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Laval Case

SASKATCHEWAN INDIAN      MARCH 1972      v03 n03 p04  
The Laval case continues to remain one of the most emotional, highly charged issues facing Indian people today.

Personal attacks were flung back and forth at the National Indian Women's Conference held in Saskatoon March 22, 23 and 24. Non-status Indian women wanted their status back. Mary Ann Lavallee called it the end of civilization. Other women saw it as the end of the reserve system.

Mrs. Cox of the North American Indian Women's Association put forward one solution which is practiced by American Indians.

"If a Non-Indian marries an Indian, it doesn't matter whether it is a woman or a man he or she is not put on the band roles nor do they become an Indian. The children of this marriage are classified as Indians and put on the band roles if they are up to one quarter Indian blood. After that they are not classified as Indians."

A Non-Indian has no land rights or treaty rights although he may live on the reserve.

Canadian Indians will soon have to come up with their own solution.

When the Laval case is taken to the Supreme Court, it looks like the court will probably rule in favour of her retaining her status. The government is pretty heavily committed to the findings of the commission on the status of women. The day he was married Trudeau made his pitch for equal rights for women.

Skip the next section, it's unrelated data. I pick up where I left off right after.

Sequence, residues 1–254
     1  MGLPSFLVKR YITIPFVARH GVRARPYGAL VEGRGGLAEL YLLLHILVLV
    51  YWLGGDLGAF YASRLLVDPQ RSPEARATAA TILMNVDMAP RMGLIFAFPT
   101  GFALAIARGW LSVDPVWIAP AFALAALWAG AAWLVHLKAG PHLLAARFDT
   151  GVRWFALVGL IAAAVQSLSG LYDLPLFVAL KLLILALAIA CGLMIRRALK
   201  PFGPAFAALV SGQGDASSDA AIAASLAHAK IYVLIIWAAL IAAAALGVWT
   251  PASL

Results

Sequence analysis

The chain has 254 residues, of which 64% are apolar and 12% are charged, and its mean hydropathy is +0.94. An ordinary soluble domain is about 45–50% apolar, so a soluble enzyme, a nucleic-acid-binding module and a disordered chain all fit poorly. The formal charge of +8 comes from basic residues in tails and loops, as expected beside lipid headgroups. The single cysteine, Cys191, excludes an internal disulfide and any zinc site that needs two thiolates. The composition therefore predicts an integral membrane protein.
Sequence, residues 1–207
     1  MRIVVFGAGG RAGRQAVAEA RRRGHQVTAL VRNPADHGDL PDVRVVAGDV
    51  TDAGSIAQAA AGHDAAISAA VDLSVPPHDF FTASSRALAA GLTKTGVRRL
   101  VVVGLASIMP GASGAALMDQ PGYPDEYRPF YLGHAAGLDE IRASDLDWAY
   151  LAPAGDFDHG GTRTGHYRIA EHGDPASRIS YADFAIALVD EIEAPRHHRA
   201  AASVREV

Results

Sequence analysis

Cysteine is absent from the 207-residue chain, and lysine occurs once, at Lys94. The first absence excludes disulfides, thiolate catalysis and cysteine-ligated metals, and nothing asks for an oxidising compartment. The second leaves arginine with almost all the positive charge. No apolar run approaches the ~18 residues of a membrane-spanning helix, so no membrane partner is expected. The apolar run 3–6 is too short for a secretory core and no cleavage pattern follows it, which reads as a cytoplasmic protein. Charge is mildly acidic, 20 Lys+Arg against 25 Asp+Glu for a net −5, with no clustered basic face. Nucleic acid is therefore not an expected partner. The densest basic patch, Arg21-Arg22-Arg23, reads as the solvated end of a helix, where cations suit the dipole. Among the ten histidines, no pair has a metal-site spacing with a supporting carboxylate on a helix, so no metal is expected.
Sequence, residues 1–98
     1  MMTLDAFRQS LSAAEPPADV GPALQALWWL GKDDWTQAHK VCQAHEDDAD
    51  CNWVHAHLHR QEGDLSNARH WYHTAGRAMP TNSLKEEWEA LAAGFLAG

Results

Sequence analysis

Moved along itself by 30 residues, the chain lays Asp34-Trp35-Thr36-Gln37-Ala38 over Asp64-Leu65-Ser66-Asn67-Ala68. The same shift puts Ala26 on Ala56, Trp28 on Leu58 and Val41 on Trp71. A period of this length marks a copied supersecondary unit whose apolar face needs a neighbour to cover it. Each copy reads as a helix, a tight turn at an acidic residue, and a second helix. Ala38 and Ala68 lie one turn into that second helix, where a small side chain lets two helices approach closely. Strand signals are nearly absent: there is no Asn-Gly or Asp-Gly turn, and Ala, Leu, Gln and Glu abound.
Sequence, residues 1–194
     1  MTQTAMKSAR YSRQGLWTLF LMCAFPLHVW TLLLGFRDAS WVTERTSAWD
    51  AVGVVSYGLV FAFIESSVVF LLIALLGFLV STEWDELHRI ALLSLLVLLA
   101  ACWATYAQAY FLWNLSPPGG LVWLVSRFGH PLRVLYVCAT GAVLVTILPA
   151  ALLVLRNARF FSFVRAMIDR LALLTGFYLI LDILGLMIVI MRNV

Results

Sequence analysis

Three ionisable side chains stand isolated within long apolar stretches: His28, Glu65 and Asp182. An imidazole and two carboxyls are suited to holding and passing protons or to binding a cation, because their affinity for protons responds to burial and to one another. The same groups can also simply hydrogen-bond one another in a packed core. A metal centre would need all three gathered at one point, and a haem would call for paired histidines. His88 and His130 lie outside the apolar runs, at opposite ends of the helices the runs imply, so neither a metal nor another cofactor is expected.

The present government on the other hand has not supported Indian rights and is still pushing the white paper assimilation policies.

Indian organizations all across Canada were caught flat footed when the decision on the Laval case was handed down. Nobody had prepared for all the implications and legal nightmare this case had brought with it. The Indian organizations should have followed the case more closely especially the National Indian Brotherhood and the Union of Ontario Indians.

Indian people are once again caught fighting a defensive action and trying to clean up the government's blunders.

But it was bound to happen sooner or later and the Indian people should have been involved from the very first.

The root of all the problem goes back to the Indian Act. It contains a dirth of outdated racist legislation that must be rescinded or rewritten.

When the Trudeau Government came to power they promised a better deal for the Indian people. Indian Act consultation meetings were held across Canada. The Indian people stressed their wish for full recognition of the treaties. The Government brought out the infamous white paper which embodied everything we didn't want. The rest is history.

So now we're back where we started from rewriting the Indian Act.

This time let's do it right. The government should fund the Indian Organizations to do their own research and consultations. The rewriting should be coordinated by the National Indian Brotherhood and be done in at least two years so all the Indian views can be heard.

When the Act is before Parliament, the Indian leaders should be there to answer questions from the opposition.

This would be a major step in becoming masters of our own destiny. It would also put the Canadian people in a favourable light in world opinion for their treatment of a minority group.

As long as the Indian people are not in control of their own destiny we will continue to be caught in a legal trap concerning our self-determination. Today, it's the Laval case. Tomorrow who knows?